August Schell Brewing Company will release a new helles in early April made entirely from locally grown barley. It’s the result of an encounter between brewmaster Jace Marti and two University of Minnesota researchers about three years ago.
“By chance, one of the lead researchers of the University of Minnesota [Dr. Jochum J. Wiersma, a small grain specialist in the Department of Agronomy and Plant Genetics] was drinking at a bar. […] I was going around sampling beers,” Marti laughs, “and he kind of made a snide comment about our beers and American beers in general.”
A four-hour conversation ensued on the differences between American and European barley, and on which was better and why. Marti explained that Schell’s had not been using more “flavorful” European style barleys because they just were not available in the U.S.
The conversation prompted Schell’s to switch its base malt to one closer to a European type after it became readily available from Rahr Malting Co., and to take things a step further in 2015 and start growing their own barley just outside of New Ulm.
But first Marti had to find out if the plan was feasible. They turned to Rahr Malting Co. and the University of Minnesota to learn the differences between growing barley in southern Minnesota versus North Dakota and western Canada at a joint seminar between the parties.
After deciding on the Pinnacle variety (developed and released by the North Dakota Agricultural Experiment Station), which can handle Minnesota’s climate, Marti contracted with a farmer in the New Ulm area to plant 40 acres of barley.
It took a while before the farmer, a good friend of Marti’s, thought it was a sound investment.
“It was never really an option when corn was $9 a bushel,” Marti explains, “but when the prices fell out, he said, ‘Yeah, maybe we can find a few acres for you now.’”
Schell’s is also conducting field tests on growing barley near the now-open Starkeller taproom on land that the brewery owns. After three years of work, Marti is on his way to “bringing barley back to Minnesota,” he says.
“What we can do to bring it back locally is a big part for us,” Marti says. “Being able to grow—eventually, hopefully, a significant portion of our malt locally—would be wonderful. It could be a great thing that we work with local farmers on.”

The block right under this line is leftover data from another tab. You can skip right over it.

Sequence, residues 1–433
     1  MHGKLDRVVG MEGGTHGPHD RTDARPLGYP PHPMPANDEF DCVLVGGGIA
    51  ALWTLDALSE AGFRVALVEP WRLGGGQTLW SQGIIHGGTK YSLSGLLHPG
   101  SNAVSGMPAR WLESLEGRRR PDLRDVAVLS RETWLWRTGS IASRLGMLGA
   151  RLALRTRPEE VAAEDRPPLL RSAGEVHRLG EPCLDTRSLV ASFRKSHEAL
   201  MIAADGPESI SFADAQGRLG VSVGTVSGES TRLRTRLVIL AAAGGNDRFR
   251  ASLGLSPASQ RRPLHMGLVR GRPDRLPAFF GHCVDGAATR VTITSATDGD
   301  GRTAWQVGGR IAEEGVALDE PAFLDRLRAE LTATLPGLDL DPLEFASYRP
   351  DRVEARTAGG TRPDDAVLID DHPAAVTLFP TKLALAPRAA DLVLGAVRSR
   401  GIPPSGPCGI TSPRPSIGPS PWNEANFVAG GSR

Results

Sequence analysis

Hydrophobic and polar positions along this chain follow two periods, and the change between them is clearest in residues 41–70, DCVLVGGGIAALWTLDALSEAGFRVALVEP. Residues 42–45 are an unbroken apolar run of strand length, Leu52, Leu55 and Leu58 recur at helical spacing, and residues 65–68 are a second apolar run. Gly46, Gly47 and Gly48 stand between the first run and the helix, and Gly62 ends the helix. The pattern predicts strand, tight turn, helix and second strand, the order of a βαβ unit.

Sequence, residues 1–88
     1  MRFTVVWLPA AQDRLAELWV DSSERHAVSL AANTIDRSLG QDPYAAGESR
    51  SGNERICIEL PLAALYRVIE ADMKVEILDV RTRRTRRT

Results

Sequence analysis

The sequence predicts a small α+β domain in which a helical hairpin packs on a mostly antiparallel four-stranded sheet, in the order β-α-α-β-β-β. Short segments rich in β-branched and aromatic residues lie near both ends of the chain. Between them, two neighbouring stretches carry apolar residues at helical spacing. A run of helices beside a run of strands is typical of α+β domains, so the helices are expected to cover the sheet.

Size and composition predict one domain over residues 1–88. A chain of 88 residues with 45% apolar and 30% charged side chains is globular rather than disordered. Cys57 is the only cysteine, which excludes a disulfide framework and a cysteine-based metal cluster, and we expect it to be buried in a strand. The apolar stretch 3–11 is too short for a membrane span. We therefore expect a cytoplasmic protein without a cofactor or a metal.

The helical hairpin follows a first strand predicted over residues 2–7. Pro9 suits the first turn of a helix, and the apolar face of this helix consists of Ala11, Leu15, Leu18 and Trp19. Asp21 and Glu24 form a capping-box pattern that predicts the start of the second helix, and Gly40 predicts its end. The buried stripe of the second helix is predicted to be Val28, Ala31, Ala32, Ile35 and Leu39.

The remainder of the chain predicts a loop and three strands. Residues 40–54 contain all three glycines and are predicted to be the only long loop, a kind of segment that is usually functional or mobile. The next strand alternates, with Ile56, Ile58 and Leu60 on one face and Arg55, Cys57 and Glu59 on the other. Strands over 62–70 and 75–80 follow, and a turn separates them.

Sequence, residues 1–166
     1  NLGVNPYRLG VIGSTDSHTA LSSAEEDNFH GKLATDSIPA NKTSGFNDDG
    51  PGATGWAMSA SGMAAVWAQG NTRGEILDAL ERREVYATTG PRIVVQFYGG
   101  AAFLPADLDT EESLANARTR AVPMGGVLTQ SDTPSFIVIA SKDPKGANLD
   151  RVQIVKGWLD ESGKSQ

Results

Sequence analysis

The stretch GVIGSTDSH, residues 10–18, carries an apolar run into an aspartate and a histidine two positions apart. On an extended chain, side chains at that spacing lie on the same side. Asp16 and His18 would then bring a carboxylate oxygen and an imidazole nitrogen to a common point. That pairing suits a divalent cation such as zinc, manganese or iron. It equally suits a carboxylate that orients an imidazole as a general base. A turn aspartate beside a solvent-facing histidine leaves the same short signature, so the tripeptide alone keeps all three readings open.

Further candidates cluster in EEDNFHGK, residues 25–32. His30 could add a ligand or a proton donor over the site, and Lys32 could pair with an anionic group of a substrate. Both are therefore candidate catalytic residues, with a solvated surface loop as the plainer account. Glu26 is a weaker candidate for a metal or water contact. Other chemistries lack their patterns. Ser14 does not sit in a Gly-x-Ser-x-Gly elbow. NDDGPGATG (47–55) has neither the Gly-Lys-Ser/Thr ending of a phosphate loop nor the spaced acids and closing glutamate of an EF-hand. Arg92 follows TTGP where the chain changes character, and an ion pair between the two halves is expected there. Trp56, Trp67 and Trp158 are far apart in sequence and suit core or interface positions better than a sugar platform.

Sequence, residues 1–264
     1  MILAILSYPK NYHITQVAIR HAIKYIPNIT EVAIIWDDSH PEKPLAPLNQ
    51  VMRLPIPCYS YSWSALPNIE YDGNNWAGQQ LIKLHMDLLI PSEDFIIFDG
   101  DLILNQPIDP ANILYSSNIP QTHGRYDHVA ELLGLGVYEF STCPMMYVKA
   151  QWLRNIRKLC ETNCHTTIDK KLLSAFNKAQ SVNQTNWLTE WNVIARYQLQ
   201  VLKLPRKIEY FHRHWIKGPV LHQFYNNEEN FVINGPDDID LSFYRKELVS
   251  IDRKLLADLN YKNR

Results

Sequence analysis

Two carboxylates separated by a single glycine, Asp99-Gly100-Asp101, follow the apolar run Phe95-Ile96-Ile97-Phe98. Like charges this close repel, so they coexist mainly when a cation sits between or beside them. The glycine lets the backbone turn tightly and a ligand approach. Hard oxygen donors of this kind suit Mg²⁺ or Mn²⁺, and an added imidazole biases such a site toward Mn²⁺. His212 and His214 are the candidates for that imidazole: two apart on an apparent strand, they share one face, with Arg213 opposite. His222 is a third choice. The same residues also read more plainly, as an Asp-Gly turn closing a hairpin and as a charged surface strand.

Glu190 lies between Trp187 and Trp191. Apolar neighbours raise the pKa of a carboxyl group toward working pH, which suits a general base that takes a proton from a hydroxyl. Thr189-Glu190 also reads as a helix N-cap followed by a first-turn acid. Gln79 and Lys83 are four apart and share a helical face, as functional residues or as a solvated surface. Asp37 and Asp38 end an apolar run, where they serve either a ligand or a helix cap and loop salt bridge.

How successful the brewery is in its mission depends on the willingness of farmers to grow high-quality barley, finding a company to malt it, and having a brewery that will purchase it. In spite of the challenges, Marti and the local farmers are taking solid steps in the right direction.
This year, Schell’s contracted 140 acres of barley from two farmers, which will make up about 16 percent of the grain used in all of Schell’s beer.
“It’s definitely a number we’d like to grow,” Marti says. The brewery recently purchased two new grain silos, freeing up a smaller one that will be used solely for the local barley.
Growing barley is tricky, however. Farmers are required to use different growing techniques than commodity crops like corn and soybeans, and the risk is greater with barley. (Nearly 10 years ago Schell’s tried growing barley, but the field was a total loss.) One difficulty is in perfecting the three-crop rotation method for higher yields. In addition to the rotation, reducing pesticides and herbicide usage, seeding, fertilizing, and knowing how to harvest the crop, are all new to the farmers and Marti.
“These first two years have definitely been a learning curve,” Marti says. Even though the first year saw a higher yield per acre, this year’s increase in acreage yielded more total bushels, which will be enough to brew a year round beer using just the local barley. The beer, Fort Road Helles, is set to be released in early April. Leftover barley will be added to Schell’s regular beer lineup.
“Hopefully that becomes a nice selling beer for us, and that’s something we can always hang our hat on, that this is 100-percent locally grown barley,” Marti says, adding that the name comes from one of the farm’s location on Fort Road.
“What is great is that it makes a beautiful, local, full circle,” Marti adds. “The Gieseke family grows the barley that we use to brew our beer with, [and] they get the spent grain back to feed their cows.” The plan is to sell the beef to local restaurants, pairing the dishes made from the beef with Schell’s beers. “It’s kind of our way of being part of the slow food movement, but also striving to deepen our roots in our local community, and helping to make Schell’s something more than just beer.”
In order to use the local barley, Schell’s teamed with Briess Malt & Ingredients Co. to make a Pilsner malt customized for the helles. Marti explained that Pinnacle is low in protein, and a low-modification barley, meaning the enzymes inside the grain work better with lager or malt forward beers like a helles. “That lower modification lends itself to more body and mouthfeel,” Marti explains.
The plan is for all of Schell’s beers to eventually use a small percentage of locally grown barley, signaling a bright future for barley in southern Minnesota, and a commitment to the investment Schell’s has made in its pursuit.
“It’s really hard to say year to year how much we’re going to get, but that’s part of farming,” Marti says. “Being the third year, we should have a lot better idea on what to do.”
With the release of Fort Road Helles, people will be able to taste just how far Marti and Schell’s have come with their local barley, and experience another step forward in Minnesota craft beer.